As we’ve already seen, the flood of harassment and abuse scandals has dominated questioning during press tours over the course of awards campaigns.

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It’s not just in the shattering details of the stories that so many women have bravely shared concerning their own experiences in the industry, which would have value regardless of their timing in the height of Hollywood’s busiest season. It’s also in the conversations those confessionals are starting, about how the industry has been failing its participants and needs to enact belated change.

In some cases, the conversation exposes just how embedded the industry’s failings truly are, with seemingly each day revealing another problematic, misguided, or even downright offensive opinion held by an actor or creator. (Today’s turn: Matt Damon.)

But in most cases, the anecdotes—be it sheepish revelations about what was or wasn’t “known,” or the impassioned pleas for reform—reveal just how far there is to go, and the dejecting obstacles still standing in the way.

Jessica Chastain, for example, one of the most celebrated and respected actresses working in Hollywood, recently expressed her surprise that she is still receiving awards attention for her performance in Molly’s Game even though she’s been outspoken in condemning the state of Hollywood.

(On her decision to specifically call out Bryan Singer, who directs one of her upcoming films, she told The Daily Beast, “I do not feel beholden to anything. I’m going to speak my mind about any injustice that I see. I’m not afraid of anything in terms of that. And I think the greatest myth that an industry can create is to make people feel like they’re easily replaceable. I’m not going to allow that into my life.”)

In a recent interview with The New York Times, Chastain said she assumed that, given the industry’s history, speaking out would hurt her career. “As an actor, I have a lot of fear, thinking that if I speak my mind, or something that feels like it deviates from the norm as a woman, am I going to be made to disappear in my industry?”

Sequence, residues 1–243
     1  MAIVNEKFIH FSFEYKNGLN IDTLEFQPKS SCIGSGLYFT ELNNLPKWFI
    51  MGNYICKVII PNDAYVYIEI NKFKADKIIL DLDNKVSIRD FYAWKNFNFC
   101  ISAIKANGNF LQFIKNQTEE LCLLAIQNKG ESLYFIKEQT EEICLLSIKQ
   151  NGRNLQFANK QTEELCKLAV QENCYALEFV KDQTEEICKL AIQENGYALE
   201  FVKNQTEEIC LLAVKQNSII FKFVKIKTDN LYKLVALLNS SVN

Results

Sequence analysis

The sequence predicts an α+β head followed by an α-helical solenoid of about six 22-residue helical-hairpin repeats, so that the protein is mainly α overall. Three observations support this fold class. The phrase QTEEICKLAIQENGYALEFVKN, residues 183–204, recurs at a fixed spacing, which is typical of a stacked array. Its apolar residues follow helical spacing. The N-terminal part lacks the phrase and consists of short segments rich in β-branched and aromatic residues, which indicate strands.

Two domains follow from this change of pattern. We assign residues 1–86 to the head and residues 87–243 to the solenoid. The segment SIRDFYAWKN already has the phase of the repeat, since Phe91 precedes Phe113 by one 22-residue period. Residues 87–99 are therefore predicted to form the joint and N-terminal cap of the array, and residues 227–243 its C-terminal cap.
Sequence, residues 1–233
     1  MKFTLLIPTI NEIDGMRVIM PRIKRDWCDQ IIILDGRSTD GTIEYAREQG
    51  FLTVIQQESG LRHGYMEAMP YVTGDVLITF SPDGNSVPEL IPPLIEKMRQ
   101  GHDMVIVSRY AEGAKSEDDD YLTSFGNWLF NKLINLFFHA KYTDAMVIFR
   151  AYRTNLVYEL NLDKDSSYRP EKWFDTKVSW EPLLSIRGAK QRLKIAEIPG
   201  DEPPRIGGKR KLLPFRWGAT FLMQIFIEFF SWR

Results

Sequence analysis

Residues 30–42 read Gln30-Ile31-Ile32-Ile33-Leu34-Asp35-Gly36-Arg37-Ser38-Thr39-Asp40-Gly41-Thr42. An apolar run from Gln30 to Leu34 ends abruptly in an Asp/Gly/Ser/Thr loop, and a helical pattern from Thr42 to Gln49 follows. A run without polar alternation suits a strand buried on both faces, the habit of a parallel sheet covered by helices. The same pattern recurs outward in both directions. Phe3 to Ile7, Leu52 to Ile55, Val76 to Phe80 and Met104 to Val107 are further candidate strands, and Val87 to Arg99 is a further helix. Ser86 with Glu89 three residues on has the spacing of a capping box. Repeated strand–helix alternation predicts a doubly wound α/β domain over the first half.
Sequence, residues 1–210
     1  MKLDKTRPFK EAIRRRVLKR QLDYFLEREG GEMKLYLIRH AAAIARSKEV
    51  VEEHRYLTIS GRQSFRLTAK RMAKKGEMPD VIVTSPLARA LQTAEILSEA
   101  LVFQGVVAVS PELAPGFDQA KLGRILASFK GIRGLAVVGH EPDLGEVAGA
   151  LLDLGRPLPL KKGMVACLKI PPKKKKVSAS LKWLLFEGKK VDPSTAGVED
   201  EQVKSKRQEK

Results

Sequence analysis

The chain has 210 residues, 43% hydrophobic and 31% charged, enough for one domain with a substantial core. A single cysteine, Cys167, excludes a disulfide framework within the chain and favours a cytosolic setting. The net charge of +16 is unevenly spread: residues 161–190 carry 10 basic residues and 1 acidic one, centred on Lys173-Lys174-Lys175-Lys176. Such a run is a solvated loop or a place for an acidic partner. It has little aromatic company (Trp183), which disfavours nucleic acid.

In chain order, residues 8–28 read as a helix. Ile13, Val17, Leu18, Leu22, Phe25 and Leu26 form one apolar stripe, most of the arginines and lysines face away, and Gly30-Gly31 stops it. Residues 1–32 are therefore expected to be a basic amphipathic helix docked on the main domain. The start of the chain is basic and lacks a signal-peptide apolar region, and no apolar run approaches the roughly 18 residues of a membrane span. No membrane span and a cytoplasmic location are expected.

That’s why these pre-planned award shows gestures might actually be more than symbolic. They are physical, tangible showings of support for women who have spoken out, braving the risk: arms for these women to link with, forming an army that dares the industry to continue its warfare.

It’s needed, too.

Even just this week, after Salma Hayek wrote her gripping New York Times essay detailing the ways Harvey Weinstein harassed, blackmailed, and psychologically tortured her over her career, calling him her “monster,” Weinstein retaliated from whatever bunker it is disgraced creeps go to lurk. He attempted to discredit her and reclaim the success that she finally had the chance to clarify as her own in the piece. Still. After all this, he’s doing that.

Of course, it’s more than the #MeToo movement.

Whatever malaise there was last awards season in the dawn of the Trump administration has festered into a septic outrage over the course of the past year. The last 12 months have been defined by actors rebuking the idea that, as citizens from all walks of life and from all over the country, they should be corralled and discounted as “Hollywood liberal elites.” Instead, they’ve been steadfast in using their public platforms to rally whoever will listen in resistance.

If last year these feelings manifested in a kind of award season group therapy, this year, perhaps we should expect an uprising.